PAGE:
Paul Thurrott (SuperSite for Windows) is busy writing a book on Windows Phone 7, specifically its deepest, darkest secrets. Actually, it's not so much a dirty exposé as a thorough treatment of the fledgling OS. In doing so, he's spending some time in Redmond, toying with the new OS and gathering data for his book. It's there he was able to sit down and talk with Microsoft partner group program manager Charlie Kindel and senior product manager Greg Sullivan.

When those folks talk, you listen. And truth be told, they actually give some solid answers to plaguing questions like copy and paste, Mozilla and Skype skipping the initial release and even tablets with WP7 (see our resolution/DPI discussion).

We won't spoil all the answers as they're actually quite thorough, so you should read the whole thing. However, in response to all the naysayers and those lodging a lot of complaints, we will leave you with the main gist of Microsoft's position on such criticisms:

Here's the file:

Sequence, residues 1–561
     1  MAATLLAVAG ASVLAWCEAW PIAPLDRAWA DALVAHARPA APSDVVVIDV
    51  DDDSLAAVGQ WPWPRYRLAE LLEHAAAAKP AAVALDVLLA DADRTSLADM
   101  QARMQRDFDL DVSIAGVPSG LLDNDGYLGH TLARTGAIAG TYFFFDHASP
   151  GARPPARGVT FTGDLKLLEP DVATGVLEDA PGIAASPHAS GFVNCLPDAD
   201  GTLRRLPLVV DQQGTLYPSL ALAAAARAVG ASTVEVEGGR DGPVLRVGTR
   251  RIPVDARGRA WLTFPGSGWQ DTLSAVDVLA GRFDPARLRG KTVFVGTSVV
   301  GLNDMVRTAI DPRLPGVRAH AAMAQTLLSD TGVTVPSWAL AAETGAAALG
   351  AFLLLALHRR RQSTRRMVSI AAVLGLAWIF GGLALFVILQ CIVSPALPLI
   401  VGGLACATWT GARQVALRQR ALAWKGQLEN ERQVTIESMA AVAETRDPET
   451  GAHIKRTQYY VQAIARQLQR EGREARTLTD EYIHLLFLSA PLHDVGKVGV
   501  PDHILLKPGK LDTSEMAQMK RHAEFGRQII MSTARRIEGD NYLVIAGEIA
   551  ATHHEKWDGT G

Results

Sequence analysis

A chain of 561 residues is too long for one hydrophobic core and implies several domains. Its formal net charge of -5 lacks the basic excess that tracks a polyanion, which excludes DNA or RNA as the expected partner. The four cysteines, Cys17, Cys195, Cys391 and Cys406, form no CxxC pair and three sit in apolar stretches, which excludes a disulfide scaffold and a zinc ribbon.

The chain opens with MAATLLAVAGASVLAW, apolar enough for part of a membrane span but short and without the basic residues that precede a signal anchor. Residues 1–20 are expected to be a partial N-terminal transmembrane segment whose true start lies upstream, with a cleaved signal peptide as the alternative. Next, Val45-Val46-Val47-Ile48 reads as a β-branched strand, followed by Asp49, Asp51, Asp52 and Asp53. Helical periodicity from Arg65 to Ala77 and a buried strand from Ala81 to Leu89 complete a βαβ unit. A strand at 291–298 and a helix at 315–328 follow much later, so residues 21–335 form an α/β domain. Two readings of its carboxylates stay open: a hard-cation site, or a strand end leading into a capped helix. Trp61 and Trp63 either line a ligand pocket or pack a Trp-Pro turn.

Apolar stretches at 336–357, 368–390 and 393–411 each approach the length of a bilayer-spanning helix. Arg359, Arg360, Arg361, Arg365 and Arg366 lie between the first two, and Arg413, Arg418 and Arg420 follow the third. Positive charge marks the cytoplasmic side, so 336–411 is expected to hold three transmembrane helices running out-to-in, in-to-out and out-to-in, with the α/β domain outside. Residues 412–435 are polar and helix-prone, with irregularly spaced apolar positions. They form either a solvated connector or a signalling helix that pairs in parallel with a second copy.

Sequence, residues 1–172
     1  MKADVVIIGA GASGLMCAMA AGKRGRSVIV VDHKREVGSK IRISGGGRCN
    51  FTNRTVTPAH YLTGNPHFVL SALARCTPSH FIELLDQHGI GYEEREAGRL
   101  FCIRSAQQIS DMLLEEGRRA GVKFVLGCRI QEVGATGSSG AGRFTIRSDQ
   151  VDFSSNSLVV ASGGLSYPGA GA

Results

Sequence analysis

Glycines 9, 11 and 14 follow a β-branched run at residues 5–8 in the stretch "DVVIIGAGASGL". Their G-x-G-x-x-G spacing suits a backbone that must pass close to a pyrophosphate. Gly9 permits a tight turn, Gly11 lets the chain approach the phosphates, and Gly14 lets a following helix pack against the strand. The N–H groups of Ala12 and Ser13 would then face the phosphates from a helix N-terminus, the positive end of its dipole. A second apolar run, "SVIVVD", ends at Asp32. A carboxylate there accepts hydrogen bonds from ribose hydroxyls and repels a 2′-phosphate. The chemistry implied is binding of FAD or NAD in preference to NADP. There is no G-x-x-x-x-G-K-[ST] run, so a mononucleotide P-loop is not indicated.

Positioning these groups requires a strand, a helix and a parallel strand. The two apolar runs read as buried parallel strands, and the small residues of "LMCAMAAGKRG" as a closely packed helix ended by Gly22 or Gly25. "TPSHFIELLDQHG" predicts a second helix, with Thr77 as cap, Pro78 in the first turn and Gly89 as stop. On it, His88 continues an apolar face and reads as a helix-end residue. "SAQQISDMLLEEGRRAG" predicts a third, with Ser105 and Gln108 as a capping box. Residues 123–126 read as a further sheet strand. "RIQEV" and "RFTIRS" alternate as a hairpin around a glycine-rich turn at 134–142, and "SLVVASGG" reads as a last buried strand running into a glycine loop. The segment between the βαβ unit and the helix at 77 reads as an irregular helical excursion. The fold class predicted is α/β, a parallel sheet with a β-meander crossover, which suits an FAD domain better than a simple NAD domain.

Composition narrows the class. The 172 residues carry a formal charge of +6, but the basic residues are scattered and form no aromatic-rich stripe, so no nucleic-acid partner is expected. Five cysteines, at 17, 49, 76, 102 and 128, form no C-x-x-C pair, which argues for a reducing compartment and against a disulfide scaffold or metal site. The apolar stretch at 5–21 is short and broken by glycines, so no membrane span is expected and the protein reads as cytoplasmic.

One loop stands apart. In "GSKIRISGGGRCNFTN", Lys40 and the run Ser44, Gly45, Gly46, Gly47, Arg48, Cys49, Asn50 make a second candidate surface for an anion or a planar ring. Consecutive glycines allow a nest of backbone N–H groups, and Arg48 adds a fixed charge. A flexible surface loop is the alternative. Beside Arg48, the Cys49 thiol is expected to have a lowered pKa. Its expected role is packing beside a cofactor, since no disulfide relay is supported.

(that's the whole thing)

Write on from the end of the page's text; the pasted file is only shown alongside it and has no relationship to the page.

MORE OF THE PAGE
We have to have focus. And we made a decision around what we would focus on for this turn of the crank, for the first version. We knew this would create difficulties for certain third parties to build on. It's impossible to build a high performance race car on a mountain bike frame. They're good for certain things only. But we made the decision to focus on things we will do really, really well. For those that we didn't, we feel that we're better off waiting until we can do them really, really well.

Apple took the same approach: nail the basics, don't take shortcuts and build off of a solid core. Sure, when Apple did it, the marketplace was vastly different--they had time to kill. Then again, Android took the exact same approach and it paid off too. Will the market be as forgiving towards Microsoft and Windows Phone 7? We're not sure, but to be honest, we rather like this slow, deliberate approach that they are taking. Lets just hope it pays off.

Read more at SuperSite for Windows.